Buffalo Trace Distillery Releases 1st Two Experimental Bourbon Releases of 2015
When Buffalo Trace Distillery started its whiskey experiments more than three decades ago, one of the first releases was bourbon aged in French oak barrels. That bourbon was aged ten years and released in 2006, quickly becoming a favorite of both the master distiller and bourbon connoisseurs.
Ten years ago, Buffalo Trace embarked on another French oak experiment, but this time endeavoring one step further – creating two different barrel types, one made entirely of French oak, and another using French oak heads, but American white oak staves.
The barrels were both constructed with Buffalo Trace’s exact specifications as far as size, stave drying, and charring. The barrel staves were air-dried for six months and the barrels were charred for 55 seconds. Both of these experimental barrels were filled with the same bourbon recipe, known as Buffalo Trace Rye Bourbon Mash #1.
After 10 years of aging, these two bourbons have been bottled as part of Buffalo Trace Distillery’s Experimental Collection, and referred to as 100% French Oak Barrel Aged Bourbon and French Oak Barrel Head Aged Bourbon.
“These bourbons, when tasted side by side, are complementary but yet have subtle differences,” said Master Distiller Harlen Wheatley. “Both are nice, well-rounded bourbons, but the 100% French oak bourbon has more soft, fruity notes to it, while the bourbon made with the French oak heads and American oak staves offers more of a smoky oak and tannin flavor profile.”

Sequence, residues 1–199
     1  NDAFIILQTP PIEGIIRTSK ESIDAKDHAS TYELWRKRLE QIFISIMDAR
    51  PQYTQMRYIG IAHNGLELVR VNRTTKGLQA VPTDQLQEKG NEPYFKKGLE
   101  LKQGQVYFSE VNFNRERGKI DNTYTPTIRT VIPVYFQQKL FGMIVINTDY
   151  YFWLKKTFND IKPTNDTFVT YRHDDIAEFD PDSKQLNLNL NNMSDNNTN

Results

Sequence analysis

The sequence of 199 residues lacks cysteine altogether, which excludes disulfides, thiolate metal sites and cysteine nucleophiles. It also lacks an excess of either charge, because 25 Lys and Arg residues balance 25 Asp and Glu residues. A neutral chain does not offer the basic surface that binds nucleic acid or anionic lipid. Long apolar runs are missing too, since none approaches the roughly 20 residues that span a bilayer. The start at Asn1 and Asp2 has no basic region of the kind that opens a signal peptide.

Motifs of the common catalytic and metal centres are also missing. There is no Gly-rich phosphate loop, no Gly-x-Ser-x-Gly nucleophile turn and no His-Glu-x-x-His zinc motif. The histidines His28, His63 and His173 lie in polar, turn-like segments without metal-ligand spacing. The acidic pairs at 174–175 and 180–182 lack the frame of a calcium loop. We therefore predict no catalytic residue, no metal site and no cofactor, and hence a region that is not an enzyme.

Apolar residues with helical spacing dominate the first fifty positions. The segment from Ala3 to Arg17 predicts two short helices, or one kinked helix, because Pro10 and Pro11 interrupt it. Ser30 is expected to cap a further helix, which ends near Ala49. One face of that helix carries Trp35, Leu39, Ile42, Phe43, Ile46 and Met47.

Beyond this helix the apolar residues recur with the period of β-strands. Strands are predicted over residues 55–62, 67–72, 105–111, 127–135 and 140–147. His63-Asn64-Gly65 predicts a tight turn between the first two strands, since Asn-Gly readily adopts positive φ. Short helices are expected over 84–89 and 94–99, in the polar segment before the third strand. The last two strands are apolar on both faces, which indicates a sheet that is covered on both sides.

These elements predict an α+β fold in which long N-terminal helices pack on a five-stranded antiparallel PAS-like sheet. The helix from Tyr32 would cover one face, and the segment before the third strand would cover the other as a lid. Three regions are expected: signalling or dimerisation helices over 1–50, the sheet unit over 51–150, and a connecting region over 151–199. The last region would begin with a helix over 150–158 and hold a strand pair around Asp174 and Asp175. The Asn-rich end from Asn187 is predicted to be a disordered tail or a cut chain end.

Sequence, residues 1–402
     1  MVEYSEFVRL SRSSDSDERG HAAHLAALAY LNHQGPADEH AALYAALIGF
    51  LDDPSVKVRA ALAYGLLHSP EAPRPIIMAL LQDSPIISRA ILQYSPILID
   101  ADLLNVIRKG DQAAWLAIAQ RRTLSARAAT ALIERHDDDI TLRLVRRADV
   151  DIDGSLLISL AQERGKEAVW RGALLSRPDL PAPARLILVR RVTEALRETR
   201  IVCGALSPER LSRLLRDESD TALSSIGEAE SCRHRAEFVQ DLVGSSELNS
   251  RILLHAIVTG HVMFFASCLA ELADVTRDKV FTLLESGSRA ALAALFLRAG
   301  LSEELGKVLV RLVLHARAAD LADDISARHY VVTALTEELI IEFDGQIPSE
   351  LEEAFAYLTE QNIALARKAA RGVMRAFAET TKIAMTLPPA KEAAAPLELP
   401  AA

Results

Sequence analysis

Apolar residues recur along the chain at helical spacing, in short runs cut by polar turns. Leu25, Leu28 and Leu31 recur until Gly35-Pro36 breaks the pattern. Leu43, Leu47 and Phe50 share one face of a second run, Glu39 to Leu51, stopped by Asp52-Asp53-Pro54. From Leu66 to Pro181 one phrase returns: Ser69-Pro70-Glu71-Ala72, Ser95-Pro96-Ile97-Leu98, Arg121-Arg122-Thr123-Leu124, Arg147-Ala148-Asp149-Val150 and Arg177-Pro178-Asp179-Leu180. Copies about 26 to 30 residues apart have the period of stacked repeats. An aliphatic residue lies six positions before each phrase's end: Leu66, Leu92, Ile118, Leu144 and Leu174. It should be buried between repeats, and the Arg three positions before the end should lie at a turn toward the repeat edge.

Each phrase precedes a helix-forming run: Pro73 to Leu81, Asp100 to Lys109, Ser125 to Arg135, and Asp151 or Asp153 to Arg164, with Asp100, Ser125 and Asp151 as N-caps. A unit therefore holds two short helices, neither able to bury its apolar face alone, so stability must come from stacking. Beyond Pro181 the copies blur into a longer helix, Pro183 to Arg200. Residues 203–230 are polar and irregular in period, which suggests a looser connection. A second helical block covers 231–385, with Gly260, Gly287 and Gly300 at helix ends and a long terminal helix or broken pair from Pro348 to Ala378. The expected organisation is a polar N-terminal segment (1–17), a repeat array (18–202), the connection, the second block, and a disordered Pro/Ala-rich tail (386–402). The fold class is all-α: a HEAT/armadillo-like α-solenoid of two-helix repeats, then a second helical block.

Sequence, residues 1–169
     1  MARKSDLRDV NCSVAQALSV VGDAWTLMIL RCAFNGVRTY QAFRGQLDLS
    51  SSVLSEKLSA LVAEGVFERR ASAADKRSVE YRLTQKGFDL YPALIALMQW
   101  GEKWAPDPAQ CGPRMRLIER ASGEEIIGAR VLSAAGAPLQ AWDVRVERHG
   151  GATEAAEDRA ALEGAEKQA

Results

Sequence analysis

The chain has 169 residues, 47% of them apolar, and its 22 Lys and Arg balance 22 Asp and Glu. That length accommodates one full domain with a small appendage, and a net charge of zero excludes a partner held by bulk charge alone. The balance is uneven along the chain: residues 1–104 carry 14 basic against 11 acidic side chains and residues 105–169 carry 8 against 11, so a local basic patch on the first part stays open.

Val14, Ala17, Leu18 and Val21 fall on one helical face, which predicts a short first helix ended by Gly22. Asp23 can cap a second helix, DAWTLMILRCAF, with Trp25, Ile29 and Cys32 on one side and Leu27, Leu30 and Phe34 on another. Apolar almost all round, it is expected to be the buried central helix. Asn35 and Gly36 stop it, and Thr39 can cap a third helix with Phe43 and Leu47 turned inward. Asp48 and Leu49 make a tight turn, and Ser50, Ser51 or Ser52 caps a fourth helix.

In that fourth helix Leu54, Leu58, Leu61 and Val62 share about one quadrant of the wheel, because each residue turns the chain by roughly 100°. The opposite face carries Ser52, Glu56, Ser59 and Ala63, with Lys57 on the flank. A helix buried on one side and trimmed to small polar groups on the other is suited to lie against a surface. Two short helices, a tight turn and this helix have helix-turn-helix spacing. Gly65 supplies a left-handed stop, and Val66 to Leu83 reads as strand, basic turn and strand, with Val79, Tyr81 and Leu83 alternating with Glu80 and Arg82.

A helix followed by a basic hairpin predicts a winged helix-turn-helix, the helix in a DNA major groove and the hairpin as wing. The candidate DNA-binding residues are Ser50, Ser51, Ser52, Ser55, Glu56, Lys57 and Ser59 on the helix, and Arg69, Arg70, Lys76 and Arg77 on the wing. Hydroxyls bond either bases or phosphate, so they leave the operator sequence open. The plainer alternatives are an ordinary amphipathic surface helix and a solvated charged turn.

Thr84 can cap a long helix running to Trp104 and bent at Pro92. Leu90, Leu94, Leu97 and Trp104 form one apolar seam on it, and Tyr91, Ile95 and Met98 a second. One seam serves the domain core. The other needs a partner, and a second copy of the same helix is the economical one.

It’s interesting to compare these two bourbons to each other and also to our standard bourbon offerings,” continued Wheatley. “These French oak experiments offer a unique flavor profile from our standard bourbon barrels. That’s one of the things that make our experiments so fun; we never stop learning how subtle changes can alter the taste profile.”
These barrels are part of more than 3,000 experimental barrels of whiskey aging in the warehouses of Buffalo Trace Distillery. Each of them has unique characteristics that differentiate them in distinct ways. Some examples of experiments include unique mash bills, types of wood, and different barrel toasts. In order to further increase the scope, flexibility and range of the experimental program, an entire micro distillery, named The Colonel E.H. Taylor, Jr. “OFC” Micro Distillery, complete with cookers, fermenting tanks, and a state-of-the-art micro still has been constructed within Buffalo Trace Distillery. Buffalo Trace has increased its commitment to experimentation with the recent addition of its Warehouse X. Although small in size, Warehouse X is designed to explore the extent of environmental influences on the flavor profiles of whiskey.
Each Experimental Collection label includes all the pertinent information unique to that barrel of whiskey. Experimental Collection releases are generally quite small and have limited